State-by-State Guide to Taxes on Retirees - Indiana
Tool | November 2018

State-by-State Guide to Taxes on Retirees

Indiana

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The Bottom Line
Map of Indiana

Least Tax-Friendly

The Hoosier State promotes itself as a low-tax haven, but some retirees may beg to differ. While the state exempts Social Security benefits and offers limited exemptions for military pensions and federal civil-service pensions, IRAs, 401(k) plans and private pensions are fully taxable.

It’s one of Kiplinger’s least tax-friendly states for retirees. Keep in mind, too, that counties have the authority to levy their own income taxes on top of the state’s flat tax. Rates range from 0.35% (Jefferson County) to 3.38% (Pulaski County).

State Sales Tax

State levy of 7%.

Income Tax Range

The Hoosier State taxes income at a flat rate of 3.23%, but counties levy their own income taxes, at rates as high as 3.38% (Pulaski County). The average is 1.56%, according to the Tax Foundation.

Social Security

Benefits are not taxed.

Exemptions for Other Retirement Income

Taxpayers over 65 get to claim an additional personal exemption of $1,000. Taxpayers 60 and older may exclude as much as $5,000 from military pensions. Taxpayers age 62 and older may deduct from their adjusted gross income up to $16,000 from a federal civil-service annuity (minus Social Security and Railroad retirement benefits received). Out-of-state pensions are fully taxed. Railroad retirement benefits are exempt.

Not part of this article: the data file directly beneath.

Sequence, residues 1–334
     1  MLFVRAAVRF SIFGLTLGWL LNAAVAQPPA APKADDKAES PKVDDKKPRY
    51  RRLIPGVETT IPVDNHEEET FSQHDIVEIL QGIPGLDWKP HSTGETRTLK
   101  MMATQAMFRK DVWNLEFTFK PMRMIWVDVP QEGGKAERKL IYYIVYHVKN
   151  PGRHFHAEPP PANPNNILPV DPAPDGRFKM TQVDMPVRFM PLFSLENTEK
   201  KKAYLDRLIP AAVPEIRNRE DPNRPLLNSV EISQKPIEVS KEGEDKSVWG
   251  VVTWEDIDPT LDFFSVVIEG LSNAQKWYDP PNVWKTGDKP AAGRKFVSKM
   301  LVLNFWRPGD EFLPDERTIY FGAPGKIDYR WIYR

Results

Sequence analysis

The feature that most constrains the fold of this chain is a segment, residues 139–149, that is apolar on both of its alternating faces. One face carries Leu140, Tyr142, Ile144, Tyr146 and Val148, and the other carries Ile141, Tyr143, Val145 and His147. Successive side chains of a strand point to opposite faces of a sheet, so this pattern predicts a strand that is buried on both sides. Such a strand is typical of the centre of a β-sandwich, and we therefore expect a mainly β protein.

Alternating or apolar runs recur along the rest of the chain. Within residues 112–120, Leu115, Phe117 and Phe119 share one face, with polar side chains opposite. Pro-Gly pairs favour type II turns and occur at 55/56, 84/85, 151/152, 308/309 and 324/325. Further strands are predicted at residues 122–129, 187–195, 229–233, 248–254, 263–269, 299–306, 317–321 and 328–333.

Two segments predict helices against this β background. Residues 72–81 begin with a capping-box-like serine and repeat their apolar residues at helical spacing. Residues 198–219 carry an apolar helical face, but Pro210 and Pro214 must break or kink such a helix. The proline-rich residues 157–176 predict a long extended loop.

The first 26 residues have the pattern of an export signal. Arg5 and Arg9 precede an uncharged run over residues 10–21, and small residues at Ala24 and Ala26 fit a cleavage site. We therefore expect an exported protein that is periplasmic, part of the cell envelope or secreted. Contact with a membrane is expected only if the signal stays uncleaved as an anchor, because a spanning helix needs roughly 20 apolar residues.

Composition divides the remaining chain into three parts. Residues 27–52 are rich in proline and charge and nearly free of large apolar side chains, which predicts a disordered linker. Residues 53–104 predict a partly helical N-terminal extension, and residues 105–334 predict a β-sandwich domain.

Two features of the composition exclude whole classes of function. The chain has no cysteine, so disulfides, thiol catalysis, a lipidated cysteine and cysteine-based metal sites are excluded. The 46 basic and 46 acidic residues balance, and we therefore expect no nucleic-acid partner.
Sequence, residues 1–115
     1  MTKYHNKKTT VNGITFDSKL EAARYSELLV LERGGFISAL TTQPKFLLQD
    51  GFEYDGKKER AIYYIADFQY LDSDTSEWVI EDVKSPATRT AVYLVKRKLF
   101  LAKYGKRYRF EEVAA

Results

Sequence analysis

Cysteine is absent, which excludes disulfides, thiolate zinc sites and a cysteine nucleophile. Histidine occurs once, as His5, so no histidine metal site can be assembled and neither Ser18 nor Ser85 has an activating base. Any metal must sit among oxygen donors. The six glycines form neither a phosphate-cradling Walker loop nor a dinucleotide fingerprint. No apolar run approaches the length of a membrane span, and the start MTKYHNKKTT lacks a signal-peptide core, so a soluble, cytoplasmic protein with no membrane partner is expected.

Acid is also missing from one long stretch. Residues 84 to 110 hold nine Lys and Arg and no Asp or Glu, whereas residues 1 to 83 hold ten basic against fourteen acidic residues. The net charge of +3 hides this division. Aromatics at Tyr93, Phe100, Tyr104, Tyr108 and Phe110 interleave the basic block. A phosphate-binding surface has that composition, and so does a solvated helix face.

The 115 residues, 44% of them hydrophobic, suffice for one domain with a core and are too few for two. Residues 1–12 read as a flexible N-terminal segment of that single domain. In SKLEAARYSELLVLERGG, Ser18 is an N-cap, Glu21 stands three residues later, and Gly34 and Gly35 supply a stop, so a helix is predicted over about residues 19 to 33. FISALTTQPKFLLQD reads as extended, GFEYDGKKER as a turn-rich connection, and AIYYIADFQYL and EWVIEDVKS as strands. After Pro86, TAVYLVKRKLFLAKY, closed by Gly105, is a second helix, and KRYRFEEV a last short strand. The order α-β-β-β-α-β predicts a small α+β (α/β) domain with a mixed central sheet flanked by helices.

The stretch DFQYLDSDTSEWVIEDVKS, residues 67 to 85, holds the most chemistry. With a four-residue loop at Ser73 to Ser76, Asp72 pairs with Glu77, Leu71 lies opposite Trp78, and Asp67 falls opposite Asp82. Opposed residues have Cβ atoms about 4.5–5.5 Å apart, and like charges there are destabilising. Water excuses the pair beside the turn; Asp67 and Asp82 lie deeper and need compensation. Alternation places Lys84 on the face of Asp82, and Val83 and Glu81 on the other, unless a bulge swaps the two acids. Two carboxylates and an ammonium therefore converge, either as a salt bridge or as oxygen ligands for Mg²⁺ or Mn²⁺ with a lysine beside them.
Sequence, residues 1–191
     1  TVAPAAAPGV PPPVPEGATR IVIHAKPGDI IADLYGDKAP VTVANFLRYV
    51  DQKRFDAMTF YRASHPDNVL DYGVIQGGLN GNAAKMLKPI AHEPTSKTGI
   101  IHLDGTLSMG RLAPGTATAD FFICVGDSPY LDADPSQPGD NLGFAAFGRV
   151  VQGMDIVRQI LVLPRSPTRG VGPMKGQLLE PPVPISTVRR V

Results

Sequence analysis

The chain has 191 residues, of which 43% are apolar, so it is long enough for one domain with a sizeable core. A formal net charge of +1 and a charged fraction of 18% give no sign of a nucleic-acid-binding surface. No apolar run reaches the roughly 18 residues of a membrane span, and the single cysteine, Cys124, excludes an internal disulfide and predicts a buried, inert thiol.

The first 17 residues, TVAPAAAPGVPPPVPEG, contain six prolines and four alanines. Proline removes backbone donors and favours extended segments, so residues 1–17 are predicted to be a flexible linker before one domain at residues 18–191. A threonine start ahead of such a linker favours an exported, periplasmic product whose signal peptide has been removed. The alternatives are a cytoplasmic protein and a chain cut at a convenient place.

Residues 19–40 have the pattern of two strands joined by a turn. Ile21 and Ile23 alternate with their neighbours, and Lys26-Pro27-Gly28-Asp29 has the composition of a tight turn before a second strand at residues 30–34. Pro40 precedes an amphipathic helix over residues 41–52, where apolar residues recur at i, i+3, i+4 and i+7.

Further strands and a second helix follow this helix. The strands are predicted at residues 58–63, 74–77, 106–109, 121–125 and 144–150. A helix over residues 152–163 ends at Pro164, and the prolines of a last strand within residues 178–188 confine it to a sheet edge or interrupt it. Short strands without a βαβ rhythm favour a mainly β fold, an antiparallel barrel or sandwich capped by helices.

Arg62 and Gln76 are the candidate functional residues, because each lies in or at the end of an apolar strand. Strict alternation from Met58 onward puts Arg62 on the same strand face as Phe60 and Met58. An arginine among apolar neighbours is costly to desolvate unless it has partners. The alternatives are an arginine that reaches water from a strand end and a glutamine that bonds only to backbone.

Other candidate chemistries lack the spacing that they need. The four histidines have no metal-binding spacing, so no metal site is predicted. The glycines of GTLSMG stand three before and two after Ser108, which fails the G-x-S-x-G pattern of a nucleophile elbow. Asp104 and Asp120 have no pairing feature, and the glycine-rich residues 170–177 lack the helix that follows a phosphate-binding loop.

IRAs

Taxable at ordinary income tax rates.

401(k)s and Other Defined-Contribution Employer Retirement Plans

Taxable at ordinary income tax rates.

Private Pensions

Taxable at ordinary income tax rates.

Public Pensions

Taxpayers 60 and older may exclude as much as $5,000 from military pensions. Taxpayers age 62 and older may deduct from their adjusted gross income up to $16,000 from a federal civil-service annuity (the exemption is minus Social Security and Railroad retirement benefits received). Out-of-state pensions are fully taxed. Railroad retirement benefits are exempt.

Property Taxes

The median property tax on Indiana’s median home value of $126,500 is $1,100.

Tax breaks for seniors: Homeowners 65 and older who earn $25,000 or less (combined for a married couple) are eligible to receive a tax reduction on property with an assessed value of $182,430 or less. The amount of the deduction is the lesser of one-half of the assessed value of the property or $12,480. The state also allows those 65 or older with an income under $30,000 ($40,000 for couples) to have increases in assessed value limited to 2% a year. This benefit is limited to properties with an assessed value below $160,000.

Vehicle Taxes

Sales tax is due on purchases. An annual excise tax is also levied, based on a car’s original MSRP and discounted for age. The amount due on a three-year old car that cost $20,000 would be $189.

Inheritance and Estate Taxes

None.

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